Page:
Language of Light: Using Visuals to Communicate Culture

In modern worship, we can use visual language that draws upon 2,000 years of church history, and generations of culture.

Language of Light: Using Visuals to Communicate Culture
Lighting and projection help communicate the church's mission during a recent worship service at Crossroads Community Church in Fitchburg, Massachusetts.
Credit: Tom Neforas for Crossroads Community Church

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Language of Light: Using Visuals to Communicate Culture

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The edge of the stage lighting for a concert also can cut a line between the band and crowd, or in this case, the leaders and the congregation. There is a traditional equivalent here, as the edge of the light recalls the high altar that separates the priest. This visual separation shows the significance and holiness of the clergy and recognizes their anointing.

Some churches want to involve the congregation, more than to separate them from the preacher. One way to do so is to add color wash and motion effects onto and above the audience. Now the light is no longer concentrated, but shared freely. When done in time with the music, this can be a powerful visual to express the release of the Spirit during worship, as the whole body becomes involved.

As the drama builds, what was once a dark, still room, now floods with color and motion and life. Even the sound has gone from a quiet start, to the lone voice of the leader, to the whole church harmonizing together. The lighting swells around the congregation, finally bursting into brightness as the church crashes into the big chorus.

All this synchronized production declares the order of heaven, all of nature working together to proclaim the glory of the Lord. They sent the musicians before the armies in the Bible, and here again, we call back to the example of scripture in worship.

Break the Walls Down

Following the ornate church cathedrals, came a movement to be focused on a congregational experience. Stained glass barriers gave way to giant, clear windows. Reformation thinking asked, why has worship become so ornate and leader driven? The architecture of the time is noted by functional white buildings on the town common and simple, clear windows. This allows in the natural light like stained glass, but also lets congregants to look beyond the walls into the community. The message here is that there is a world beyond the church, in fact a world that needs the church.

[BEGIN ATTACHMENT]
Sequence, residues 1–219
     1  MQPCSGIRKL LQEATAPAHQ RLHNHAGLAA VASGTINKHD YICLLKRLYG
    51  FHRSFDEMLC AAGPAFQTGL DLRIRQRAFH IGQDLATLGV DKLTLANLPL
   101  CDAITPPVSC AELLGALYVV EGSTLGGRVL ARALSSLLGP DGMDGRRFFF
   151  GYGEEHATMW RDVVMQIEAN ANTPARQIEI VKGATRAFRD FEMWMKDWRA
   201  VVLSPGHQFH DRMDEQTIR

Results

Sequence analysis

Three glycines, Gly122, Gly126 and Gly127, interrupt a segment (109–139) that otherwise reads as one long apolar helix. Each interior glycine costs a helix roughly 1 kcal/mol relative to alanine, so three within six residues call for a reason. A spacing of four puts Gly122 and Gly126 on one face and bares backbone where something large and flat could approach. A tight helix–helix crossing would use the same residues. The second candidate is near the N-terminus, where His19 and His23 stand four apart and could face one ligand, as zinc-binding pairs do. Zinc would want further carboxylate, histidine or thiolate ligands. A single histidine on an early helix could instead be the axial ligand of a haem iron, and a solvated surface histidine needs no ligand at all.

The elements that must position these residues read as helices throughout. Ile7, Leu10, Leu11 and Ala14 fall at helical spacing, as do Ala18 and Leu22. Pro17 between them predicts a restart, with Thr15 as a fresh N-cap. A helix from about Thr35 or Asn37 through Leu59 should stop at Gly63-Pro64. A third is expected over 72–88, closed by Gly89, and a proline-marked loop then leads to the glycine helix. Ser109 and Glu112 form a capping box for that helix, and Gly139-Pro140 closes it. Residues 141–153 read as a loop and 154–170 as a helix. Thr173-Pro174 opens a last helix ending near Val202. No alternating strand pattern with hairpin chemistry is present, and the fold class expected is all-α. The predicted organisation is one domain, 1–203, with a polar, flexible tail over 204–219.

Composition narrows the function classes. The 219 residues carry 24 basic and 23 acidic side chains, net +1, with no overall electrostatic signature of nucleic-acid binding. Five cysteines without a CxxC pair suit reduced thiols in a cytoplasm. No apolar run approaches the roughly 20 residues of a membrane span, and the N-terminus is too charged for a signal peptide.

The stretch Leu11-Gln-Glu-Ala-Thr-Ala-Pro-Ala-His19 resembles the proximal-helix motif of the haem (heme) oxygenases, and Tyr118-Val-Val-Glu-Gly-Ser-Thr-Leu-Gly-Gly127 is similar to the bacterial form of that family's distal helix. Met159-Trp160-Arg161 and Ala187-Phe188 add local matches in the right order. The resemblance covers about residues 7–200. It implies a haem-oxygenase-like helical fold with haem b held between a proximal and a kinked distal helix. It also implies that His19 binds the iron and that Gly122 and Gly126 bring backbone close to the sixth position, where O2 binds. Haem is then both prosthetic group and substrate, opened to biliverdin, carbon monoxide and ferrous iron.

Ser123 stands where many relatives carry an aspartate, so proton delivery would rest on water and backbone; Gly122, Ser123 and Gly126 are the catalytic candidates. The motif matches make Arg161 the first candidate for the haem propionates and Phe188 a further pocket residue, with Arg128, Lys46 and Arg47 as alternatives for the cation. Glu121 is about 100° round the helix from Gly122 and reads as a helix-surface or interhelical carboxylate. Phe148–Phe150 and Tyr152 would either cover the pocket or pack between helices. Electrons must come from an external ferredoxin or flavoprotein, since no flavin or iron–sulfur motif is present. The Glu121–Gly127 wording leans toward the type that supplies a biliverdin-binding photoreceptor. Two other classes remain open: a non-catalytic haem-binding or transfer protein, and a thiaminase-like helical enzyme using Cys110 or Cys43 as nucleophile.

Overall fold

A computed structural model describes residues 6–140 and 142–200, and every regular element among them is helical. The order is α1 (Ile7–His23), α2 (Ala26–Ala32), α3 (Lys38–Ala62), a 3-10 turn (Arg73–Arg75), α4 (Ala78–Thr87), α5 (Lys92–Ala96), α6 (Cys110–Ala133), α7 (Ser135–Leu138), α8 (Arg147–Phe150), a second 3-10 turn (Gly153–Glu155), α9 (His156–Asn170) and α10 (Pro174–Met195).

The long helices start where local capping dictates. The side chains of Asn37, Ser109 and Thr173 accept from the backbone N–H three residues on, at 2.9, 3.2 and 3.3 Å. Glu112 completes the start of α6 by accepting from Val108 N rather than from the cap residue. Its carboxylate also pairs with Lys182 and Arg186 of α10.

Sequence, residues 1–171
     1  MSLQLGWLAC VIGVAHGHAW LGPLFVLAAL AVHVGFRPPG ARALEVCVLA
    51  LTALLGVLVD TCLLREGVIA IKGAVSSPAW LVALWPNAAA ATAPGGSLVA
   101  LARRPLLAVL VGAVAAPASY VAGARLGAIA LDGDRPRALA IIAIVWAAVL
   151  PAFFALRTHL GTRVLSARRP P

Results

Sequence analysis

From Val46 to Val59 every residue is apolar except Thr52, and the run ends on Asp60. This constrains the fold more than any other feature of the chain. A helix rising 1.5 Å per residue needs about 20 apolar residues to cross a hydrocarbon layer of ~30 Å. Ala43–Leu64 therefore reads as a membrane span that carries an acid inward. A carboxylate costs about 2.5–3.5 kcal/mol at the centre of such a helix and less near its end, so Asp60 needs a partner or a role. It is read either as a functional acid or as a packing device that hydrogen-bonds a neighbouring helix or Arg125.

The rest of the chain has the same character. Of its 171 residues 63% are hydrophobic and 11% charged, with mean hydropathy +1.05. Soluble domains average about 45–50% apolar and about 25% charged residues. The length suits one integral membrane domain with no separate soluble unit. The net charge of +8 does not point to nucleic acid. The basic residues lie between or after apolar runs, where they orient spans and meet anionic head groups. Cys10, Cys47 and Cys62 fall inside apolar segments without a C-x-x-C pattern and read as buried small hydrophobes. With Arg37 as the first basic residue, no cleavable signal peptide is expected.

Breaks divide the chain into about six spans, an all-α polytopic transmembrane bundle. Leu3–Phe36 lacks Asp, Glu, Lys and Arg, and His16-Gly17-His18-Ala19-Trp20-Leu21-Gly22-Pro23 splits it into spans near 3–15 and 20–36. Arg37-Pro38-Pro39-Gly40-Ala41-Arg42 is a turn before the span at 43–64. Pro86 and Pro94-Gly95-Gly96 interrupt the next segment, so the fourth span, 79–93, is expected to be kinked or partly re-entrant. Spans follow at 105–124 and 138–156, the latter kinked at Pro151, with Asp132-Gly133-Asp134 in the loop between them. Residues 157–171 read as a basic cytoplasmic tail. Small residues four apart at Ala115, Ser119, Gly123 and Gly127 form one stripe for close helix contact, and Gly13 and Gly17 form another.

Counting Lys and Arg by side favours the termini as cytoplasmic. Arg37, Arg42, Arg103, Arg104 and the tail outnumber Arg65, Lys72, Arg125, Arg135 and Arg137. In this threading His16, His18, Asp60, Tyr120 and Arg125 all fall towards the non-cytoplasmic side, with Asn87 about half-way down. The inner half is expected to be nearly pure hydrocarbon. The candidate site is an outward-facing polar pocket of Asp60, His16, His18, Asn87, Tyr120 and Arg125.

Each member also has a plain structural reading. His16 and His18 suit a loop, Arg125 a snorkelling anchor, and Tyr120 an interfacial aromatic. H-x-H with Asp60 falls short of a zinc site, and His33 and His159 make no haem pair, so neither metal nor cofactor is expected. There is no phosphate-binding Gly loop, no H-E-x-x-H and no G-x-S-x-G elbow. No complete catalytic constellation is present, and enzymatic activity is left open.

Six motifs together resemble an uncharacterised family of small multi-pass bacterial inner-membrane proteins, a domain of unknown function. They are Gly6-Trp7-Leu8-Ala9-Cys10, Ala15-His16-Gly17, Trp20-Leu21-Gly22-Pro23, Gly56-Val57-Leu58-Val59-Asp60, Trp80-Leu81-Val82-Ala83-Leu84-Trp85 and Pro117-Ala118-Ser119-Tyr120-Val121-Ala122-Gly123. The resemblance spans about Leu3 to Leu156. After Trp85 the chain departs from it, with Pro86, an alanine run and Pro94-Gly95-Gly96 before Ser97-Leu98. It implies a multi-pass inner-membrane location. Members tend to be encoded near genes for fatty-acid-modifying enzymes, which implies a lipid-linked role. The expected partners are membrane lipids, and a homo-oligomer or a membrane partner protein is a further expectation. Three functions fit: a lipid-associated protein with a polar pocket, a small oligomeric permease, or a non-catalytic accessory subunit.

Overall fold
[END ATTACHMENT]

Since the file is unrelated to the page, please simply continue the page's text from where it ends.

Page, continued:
Immediately, the core values suggested are outreach, evangelism, and community involvement. Out of concern for being too fancy, reformers sought to streamline the experience and focus on the simple nature of God.

The modern version still retains many of the characteristics of the early protestant style: Lots of windows and natural light, but with modern worship elements that make sense. Because of sunlight, or perhaps instead constant and unchanging house lights, the choices are forced to be simpler and clean. Focus is not drawn to excessive color, motion, or individual performance of a leader, because the bright white lights simply prevent it.

The worship team can be minimized in the stage design, as well by placing them off stage or to the side, allowing people to take in the simple décor, and the unobscured worship as one body undisturbed by the complexity of worldly influence.


More About Adrian Gates
Adrian Gates is the Media Director for Crossroads Community Church in Fitchburg, Massachusetts. In his 16 years as a media professional, Adrian has served many different roles, including music producer, web master, videographer, consultant, social media “expert,” sound guy, lighting guy, stage hand, and roadie. His clients have included some of the largest tech companies in the world, New England churches looking to modernize, and dedicated weekend warriors. Adrian is a graduate of the New England Institute of Art and Communications.
Get in Touch: mediaservices@crossroadsconnects.com    More by Adrian Gates

Latest Resource

Worship Facilities Magazine, January-February 2018
The January-February 2018 issue of Worship Facilities Magazine offers articles about the many steps a church had to take in the aftermath of a fire, and another involving a church making the jump to 4K.


Article Topics

Technology · Lighting · Visual Arts · Lighting Design · Team Management · Spiritual Health · Team Development · Culture · Language · Light Pollution · Lighting Design · Motion · Stained Glass Windows · All Topics

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